Providing scientifically credible technical services in protected areas

Friedrich Alpers
Published: 15 November 2015
Last edited: 10 July 2019
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Summary

The role of traditional knowledge and application of diverse knowledge systems for wildlife management is demonstrated by Indigenous and local trackers and rangers e.g. in Bwabwata National Park in north east Namibia. The indigenous trackers and rangers are using a rigorous, culturally appropriate methodology for assessment and certification of tracking skills and competence. This knowledge is applied in wildlife monitoring and documenting scientific observations.

Classifications

Region
East and South Africa
Scale of implementation
Local
Subnational
Ecosystem
Freshwater ecosystems
Grassland ecosystems
River, stream
Temperate grassland, savanna, shrubland
Theme
Access and benefit sharing
Indigenous people
Species management
Other theme
Anti-poaching capacity and methods
Challenges
Poor governance and participation
Unemployment / poverty

Location

Bwabwata National Park, Namibia
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Challenges

recognition of traditional knowledge and use of scientific services

Beneficiaries

Khwe communities in and around the national park

How do the building blocks interact?

P3DM builds trusting relationships between indigenous s peoples, local communities, and external actors including parks managers, NGOs, scientists and government. Issues of tensions related to costs and benefits, management effectiveness, governance, human-wildlife conflict, access to scarce resources, cultural heritage management and designing appropriate tourism are all addressed by the methodology. Training materials including videos are all available for P3DM as well as other participatory GIT tools. There is a global practitioner community and rapid access to solutions, advise and materials.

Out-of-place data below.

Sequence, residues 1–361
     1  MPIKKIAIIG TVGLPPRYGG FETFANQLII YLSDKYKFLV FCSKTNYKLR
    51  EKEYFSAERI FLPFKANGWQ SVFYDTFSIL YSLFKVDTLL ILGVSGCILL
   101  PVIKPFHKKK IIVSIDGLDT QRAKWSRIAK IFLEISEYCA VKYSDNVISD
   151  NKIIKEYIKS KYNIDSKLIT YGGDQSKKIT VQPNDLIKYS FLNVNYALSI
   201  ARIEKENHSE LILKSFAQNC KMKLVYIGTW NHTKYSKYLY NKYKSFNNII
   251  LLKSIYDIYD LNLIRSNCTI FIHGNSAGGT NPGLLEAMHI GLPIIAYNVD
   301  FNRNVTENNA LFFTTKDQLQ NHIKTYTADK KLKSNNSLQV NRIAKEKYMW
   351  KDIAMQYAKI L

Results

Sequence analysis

Impacts

The programme has generated sustainable employment for both Khwe (a San ethnic group of the region) men and women, pride in traditional knowledge, and assisted in conservation in Bwabwata National Park. It has reinforced indigenous rights to land tenure by placing indigenous peoples in significant conservation rolesin their own territory. Formal assessment and recognition of traditional knowledge and competency, (consisting of rigorous assessment, grading, certification and training in new technology) unlocks a vast store of previously unavailable knowledge, data collection capacity, and innovative approaches to problem solving. At the same time issues of rural poverty and skills deficits are addressed. The use of traditional knowledge in climate data collections, monitoring, management and appropriate responses is particularly important for countries where long time series of traditional knowledge exist.

Contributed by

Friedrich Alpers

Other contributors

Indigenous Peoples of Africa Coordinating Committee
Alfred Chedau
Indigenous Peoples of Africa Coordinating Committee